A film that will be especially glorious to experience on the big screen is 2003’s “Northfork,” a film Roger compared to Terrence Malick’s “Days of Heaven” and Wim Wenders’ “Wings of Desire.” “The movie is visionary and elegiac, more a fable than a story, and frame by frame, it looks like a portfolio of spaces so wide, so open, that men must wonder if they have a role beneath such indifferent skies,” wrote Roger. The film’s director, Michael Polish, will join us.
Beach Boys fans will be especially pleased with our next selection, “Love & Mercy,” a widely acclaimed film on the life of the band’s iconic leader, Brian Wilson, played at different ages in widely acclaimed performances by John Cusack and Paul Dano. This film is being sponsored by the Champaign County Alliance for Acceptance, Inclusion and Respect, which strives for, among other things, the destigmatization of mental illness. The guests for this film have not yet been confirmed.
The incomparable director Kasi Lemmons will be on hand to discuss her 1997 debut, “Eve’s Bayou,” which Roger declared as “one of the very best films of the year” and “a film of astonishing maturity and confidence.” “She sets her story in Southern Gothic country, in the bayous and old Louisiana traditions that Tennessee Williams might have been familiar with, but in tone and style she earns comparison with the family dramas of Ingmar Bergman,” wrote Roger.
Joining her are three women, one of whom helmed her first documentary last year, and the film is a remarkable achievement. Windy City documentarians Rebecca Parrish and Nicole Bernard-Reis will be here with “Radical Grace,” their life-affirming profile of the Nuns on the Bus, who became engaged in social activism despite protests from the Vatican. Also composer, Heather McIntosh will appear. Her score moved the audience to tears. This film won the Chicago Award at last year’s Chicago International Film Festival. Director Parrish, producer Bernard-Reis and composer McIntosh will be joined on stage by Father Mike Pfleger, the nationally acclaimed activist priest from the southside of Chicago who stands up for justice even when he has to speak truth to power. He was portrayed by John Cusack in Spike Lee’s recent film, “Chi-Raq.”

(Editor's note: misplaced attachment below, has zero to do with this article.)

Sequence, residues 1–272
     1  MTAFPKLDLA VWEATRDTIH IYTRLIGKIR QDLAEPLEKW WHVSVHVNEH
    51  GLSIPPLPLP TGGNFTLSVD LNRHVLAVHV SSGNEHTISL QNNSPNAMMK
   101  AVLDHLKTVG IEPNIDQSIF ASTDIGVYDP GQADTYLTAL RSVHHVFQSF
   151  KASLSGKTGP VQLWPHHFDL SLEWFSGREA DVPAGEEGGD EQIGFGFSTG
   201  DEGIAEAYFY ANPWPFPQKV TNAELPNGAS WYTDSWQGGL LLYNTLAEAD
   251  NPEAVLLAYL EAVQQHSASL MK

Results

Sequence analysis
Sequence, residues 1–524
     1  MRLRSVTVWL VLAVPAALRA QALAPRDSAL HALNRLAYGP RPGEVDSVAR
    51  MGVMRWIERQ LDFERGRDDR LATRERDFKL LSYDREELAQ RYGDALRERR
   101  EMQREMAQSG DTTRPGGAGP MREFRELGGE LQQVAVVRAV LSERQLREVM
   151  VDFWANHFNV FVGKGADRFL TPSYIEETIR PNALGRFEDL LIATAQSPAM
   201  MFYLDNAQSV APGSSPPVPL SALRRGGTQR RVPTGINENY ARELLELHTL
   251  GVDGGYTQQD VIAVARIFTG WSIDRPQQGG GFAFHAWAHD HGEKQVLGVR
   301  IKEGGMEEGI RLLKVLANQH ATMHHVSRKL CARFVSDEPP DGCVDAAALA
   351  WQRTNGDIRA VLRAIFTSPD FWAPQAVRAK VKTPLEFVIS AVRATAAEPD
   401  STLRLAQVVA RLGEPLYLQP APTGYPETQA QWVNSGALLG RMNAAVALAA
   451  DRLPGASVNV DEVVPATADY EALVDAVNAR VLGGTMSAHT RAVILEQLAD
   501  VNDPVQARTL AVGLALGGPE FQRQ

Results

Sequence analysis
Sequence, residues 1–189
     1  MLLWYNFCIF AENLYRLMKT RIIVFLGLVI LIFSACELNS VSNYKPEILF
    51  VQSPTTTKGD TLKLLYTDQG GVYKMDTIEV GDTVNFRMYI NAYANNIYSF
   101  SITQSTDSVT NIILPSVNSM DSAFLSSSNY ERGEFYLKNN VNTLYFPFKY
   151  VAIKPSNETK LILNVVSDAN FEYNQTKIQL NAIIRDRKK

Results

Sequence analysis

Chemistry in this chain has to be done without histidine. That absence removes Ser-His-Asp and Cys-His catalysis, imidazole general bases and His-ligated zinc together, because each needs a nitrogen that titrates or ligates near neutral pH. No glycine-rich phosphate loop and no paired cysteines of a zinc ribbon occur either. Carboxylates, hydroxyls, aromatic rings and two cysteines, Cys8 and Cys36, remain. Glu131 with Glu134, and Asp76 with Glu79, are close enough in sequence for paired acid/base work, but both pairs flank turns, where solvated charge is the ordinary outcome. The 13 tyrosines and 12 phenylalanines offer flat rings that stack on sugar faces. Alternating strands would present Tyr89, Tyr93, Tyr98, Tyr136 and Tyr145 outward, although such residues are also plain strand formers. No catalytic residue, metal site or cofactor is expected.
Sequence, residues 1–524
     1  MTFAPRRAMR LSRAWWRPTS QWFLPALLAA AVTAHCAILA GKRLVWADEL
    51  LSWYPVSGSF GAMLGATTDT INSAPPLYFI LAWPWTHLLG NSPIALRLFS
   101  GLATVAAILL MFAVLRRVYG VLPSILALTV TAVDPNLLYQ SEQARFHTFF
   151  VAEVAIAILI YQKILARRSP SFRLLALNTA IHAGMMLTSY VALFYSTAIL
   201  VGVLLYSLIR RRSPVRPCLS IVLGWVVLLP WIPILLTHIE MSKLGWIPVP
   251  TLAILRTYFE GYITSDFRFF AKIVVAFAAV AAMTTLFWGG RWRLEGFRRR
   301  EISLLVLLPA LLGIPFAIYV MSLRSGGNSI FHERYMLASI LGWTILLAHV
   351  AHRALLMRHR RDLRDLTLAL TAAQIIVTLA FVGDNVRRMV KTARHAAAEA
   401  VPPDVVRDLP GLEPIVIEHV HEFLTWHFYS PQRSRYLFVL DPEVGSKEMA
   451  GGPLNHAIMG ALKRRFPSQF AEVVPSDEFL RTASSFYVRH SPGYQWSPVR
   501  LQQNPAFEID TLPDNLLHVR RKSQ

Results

The iconic Lily Tomlin will headline “Grandma,” a film about a 70 year old worldly grandmother who is on a mission to help her granddaughter with an unwanted pregnancy. The film’s director Paul Weitz (“About A Boy,” “American Pie”) and it’s producer, Andrew Miano, will join us.
This year’s installment of Ebertfest marks the first time in our history that two silent films are included in our scheduled pogramming. The wonderful Alloy Orchestra (Terry Donahue, Ken Winokur and Roger Miller) will deliver its fifteenth or sixteenth performance at our festival, providing a live accompaniment to Marcel L'Herbier’s staggering 1924 landmark, “L’Inhumaine” (“The Inhuman Woman”). French film historian Richard Neupert will be on hand to discuss the film with the Alloy Orchestra. This French silent science fiction movie stirred controversy at it's release, predicted television, and gathered many avant-garde artists during it's day including Picasso, Man Ray, James Joyce, Ezra Pound and the Prince of Monaco.
Renee Baker and The Chicago Modern Orchestra Project will be making their Ebertfest debut when they perform their new jazz score for 1925’s “Body and Soul,” directed by the trailblazing black filmmaker Oscar Micheaux. “Body and Soul” marked the film debut of legendary actor Paul Robeson, who plays a double role of the villain and the preacher. In another first, the entire 13-piece orchestra of the Chicago Modern Orchestra will perform in the orchestra pit of the Virginia Theater. That will take some doing as the pit was built to hold about ten musicians.
And last but not least, we will welcome back director Paul Cox with his new romantic film, “Force of Destiny,” which tackles some of the issues he confronted with his liver transplant. I’m especially excited that Cox will be here to present “Force of Destiny,” since it will serve as the film’s United States premiere. Joining him will be the object of his love, Rosie Raka.
This year we will also have a special treat for students at the University the night before Ebertfest begins. There will be a screening of Richard Linklater's new film, "Everybody Wants Some," with guests taking place Tuesday night, April 12, in Foelinger Auditorium.
So come join us for Ebertfest 2016. For more information and to purchase tickets click here.